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Give Credit Where Credit Is Due
Federal enforcement authorities should give much more systematic credit to effective corporate compliance programs when making decisions about criminal prosecutions, including nonprosecution or deferred prosecution agreements, and when deciding the scope of civil and administrative settlements.
That is the fundamental conclusion of a recent report from an advisory group constituted in November 2011 to assess the effectiveness of the Federal Sentencing Guidelines for Organizations (FSGO) 20 years after publication by the U.S. Sentencing Commission (sgo.ethics.org/FSGO). Organized by the Ethics Resource Center, the advisory group was composed of law enforcement officials, judges, prosecutors, academics, and compliance experts from companies and law firms. It focused on corporations, not other entities covered by the FSGO (such as unions or pension funds). (Disclosure: I was on the advisory group and approved the final report but was not involved in decisions about scope or in drafting.)
The advisory group faced a fundamental paradox at the outset. In response to the elements of a good compliance program outlined in the FSGO (and elements drawn from numerous other sources), many corporations have established strong compliance and ethics programs during the past 20 years. Yet few corporations received credit under the Sentencing Guidelines because there were so few corporate convictions as more and more corporate criminal investigations were settled outright or resolved with nonprosecution or deferred prosecution agreements (NPAs and DPAs).
The advisory group thus properly focused not on sentencing but on the question of whether federal enforcement officials, who have the authority to do so, gave credit to companies with good compliance programs in making enforcement decisions. It concluded that there was a major problem both at the U.S. Department of Justice and in other federal departments and agencies in this respect. Companies strive to have good compliance programs for many reasons besides "sentencing" considerations (for example, high integrity must be fused with high performance to prevent wrongdoing and to secure trust of all stakeholders), but having an effective program ignored by enforcers is certainly a disincentive to create one for nonvisionary business leaders.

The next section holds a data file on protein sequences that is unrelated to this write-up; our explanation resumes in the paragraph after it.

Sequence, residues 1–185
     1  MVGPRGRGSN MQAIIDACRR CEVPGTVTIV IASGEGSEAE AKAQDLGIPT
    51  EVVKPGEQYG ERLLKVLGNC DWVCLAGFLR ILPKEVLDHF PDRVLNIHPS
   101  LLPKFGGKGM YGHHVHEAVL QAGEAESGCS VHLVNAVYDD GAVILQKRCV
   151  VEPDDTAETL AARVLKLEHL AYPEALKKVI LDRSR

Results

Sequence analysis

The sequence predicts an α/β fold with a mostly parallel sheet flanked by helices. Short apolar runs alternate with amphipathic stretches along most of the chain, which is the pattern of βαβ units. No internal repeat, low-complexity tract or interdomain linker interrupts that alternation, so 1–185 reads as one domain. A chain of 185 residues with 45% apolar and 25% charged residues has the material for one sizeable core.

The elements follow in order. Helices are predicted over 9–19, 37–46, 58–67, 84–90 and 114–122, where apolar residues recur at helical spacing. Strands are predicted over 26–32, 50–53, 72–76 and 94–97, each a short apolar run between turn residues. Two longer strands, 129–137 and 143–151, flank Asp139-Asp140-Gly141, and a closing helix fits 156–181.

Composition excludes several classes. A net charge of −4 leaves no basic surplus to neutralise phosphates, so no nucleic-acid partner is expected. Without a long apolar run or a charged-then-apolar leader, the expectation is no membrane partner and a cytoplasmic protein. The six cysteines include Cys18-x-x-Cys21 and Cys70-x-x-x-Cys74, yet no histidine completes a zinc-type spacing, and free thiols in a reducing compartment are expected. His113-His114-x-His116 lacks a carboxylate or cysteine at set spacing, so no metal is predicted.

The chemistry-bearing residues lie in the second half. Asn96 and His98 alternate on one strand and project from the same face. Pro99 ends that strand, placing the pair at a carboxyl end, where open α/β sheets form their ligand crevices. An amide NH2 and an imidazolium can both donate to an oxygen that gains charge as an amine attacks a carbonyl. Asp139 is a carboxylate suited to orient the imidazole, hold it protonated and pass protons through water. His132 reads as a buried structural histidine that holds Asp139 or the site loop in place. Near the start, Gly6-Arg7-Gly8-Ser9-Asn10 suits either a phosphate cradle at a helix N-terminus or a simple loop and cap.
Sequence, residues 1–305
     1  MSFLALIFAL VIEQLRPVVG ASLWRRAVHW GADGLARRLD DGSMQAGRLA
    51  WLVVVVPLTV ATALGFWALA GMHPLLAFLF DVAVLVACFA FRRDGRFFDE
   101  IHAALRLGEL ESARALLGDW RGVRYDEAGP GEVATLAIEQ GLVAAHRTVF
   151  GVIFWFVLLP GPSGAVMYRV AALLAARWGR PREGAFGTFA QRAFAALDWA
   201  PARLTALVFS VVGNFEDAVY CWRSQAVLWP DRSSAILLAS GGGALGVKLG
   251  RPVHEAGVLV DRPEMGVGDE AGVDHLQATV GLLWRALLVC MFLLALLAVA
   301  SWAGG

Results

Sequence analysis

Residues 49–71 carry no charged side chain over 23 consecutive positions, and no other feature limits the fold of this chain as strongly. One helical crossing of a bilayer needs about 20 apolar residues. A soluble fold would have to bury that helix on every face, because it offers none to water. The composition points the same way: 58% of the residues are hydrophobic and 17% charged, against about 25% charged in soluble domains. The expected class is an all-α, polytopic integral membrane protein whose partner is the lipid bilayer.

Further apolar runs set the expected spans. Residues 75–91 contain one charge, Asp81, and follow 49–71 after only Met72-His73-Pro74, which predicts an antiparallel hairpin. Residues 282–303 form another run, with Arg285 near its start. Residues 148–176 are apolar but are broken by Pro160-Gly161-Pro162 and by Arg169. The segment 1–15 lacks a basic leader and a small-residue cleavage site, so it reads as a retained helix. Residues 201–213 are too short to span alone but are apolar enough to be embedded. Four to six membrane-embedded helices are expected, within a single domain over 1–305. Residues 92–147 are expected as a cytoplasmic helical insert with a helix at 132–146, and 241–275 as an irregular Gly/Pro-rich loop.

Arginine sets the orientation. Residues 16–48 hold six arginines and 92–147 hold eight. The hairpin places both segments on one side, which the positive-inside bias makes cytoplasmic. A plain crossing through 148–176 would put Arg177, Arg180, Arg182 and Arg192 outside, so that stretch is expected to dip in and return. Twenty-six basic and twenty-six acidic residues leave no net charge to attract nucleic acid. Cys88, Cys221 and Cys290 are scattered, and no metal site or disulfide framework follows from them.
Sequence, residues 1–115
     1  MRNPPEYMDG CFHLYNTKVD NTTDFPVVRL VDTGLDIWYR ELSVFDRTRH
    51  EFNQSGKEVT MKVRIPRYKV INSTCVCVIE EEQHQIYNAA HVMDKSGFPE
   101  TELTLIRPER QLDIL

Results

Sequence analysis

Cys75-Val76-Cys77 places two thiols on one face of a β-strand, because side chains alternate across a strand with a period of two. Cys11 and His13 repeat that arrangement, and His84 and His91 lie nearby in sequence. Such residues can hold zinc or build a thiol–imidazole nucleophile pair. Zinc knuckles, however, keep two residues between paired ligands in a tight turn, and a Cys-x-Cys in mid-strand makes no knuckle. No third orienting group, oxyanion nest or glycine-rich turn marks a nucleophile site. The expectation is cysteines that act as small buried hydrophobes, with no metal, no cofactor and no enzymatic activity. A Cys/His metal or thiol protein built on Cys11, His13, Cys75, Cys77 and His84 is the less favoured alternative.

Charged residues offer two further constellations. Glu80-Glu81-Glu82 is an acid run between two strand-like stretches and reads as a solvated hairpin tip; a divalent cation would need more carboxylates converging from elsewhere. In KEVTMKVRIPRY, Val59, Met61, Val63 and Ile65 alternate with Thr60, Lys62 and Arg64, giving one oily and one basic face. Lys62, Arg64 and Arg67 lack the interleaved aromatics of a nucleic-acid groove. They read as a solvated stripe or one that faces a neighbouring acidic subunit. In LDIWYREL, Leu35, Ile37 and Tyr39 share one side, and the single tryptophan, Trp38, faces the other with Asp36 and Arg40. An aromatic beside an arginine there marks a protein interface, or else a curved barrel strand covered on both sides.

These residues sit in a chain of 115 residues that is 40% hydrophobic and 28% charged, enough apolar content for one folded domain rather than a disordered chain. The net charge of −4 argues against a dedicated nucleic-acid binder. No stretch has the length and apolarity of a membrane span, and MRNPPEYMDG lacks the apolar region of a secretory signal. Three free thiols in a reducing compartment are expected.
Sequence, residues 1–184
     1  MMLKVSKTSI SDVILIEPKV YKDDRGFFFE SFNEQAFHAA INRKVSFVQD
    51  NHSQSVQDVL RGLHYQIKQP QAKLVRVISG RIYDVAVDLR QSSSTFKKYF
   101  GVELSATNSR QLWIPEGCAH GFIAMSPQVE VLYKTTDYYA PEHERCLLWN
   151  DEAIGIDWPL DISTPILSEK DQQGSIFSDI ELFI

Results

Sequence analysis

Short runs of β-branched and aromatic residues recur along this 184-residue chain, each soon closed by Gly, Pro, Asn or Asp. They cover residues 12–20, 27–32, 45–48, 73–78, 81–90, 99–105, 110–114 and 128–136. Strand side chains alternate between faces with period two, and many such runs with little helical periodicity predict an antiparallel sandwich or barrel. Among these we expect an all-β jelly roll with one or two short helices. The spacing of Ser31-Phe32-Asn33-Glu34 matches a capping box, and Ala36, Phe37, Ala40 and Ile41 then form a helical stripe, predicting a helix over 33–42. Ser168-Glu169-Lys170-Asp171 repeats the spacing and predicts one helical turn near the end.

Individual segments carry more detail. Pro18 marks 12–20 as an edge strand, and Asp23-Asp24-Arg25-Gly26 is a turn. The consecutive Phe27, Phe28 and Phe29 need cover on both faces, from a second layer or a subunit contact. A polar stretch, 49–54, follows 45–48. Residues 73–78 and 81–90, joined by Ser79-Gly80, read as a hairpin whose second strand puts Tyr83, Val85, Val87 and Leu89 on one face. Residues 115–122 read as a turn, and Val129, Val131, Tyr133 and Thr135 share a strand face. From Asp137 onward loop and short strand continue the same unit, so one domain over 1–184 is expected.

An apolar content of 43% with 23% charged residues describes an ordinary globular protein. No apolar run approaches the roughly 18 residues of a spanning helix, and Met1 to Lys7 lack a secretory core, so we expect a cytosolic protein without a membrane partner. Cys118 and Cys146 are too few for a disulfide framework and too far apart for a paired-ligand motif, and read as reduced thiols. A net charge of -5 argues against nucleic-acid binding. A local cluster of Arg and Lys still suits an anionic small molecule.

The advisory group report is thus an important opening statement in a needed dialogue between federal enforcers and the corporate community about when and how to give credit for good compliance efforts. Every general counsel should read this report. And the corporate community should organize to make this important idea have real-world impact through systematic engagement with the executive branch and, perhaps, with Congress.
The advisory group identifies two major problems with the federal government enforcers.
1) The Justice Department is increasingly using nonprosecution or deferred prosecution agreements in criminal casesand in other civil settlementswithout following department policy (reflected in the U.S. Attorneys' Manual), which directs prosecutors to consider effective compliance programs. The number of NPAs/DPAs has increased from five in 2004 to 32 in 2010. As the report states:
"There is little hard evidence that organizations are receiving the promised consideration for their compliance programs, and prosecutors rarely point to compliance programs when discussing needed case resolutions. A Conference Board study in 2009 found that after-the-offense compliance requirements are often mandated in settlements, but it found very few cases where DOJ acknowledged granting credit foror even carefully assessinga preexisting compliance/ethics program."
Moreover, if there is little record of effective compliance programs receiving credit in enforcement decisions, the Justice Department has virtually no guidance on how actually to assess such programs. The report says that there is no "common set of criteria, assessment framework, methodology, or work steps" to measure effectiveness. In addition, one part of the department, the antitrust division, takes the view that it is not bound by department policy and will give no credit for a company's compliance program.
2) Beyond the issues at the Justice Department, the report describes a second set of problems: "There is lack of consistency in policies [toward effective compliance programs] across the various [federal] agencies that play a role in corporate law enforcement and regulation because there is neither a requirement that these policies be aligned nor a mechanism available for doing so." More than 20 federal departments and agencies have jurisdiction over corporate conduct, but each entityand even units within the entityhas its own approach to crediting corporate compliance programs. Lack of consistency is compounded by lack of transparency. And, as with the Justice Department, the methods used for evaluating compliance program effectiveness are variable, obscure, or nonexistent.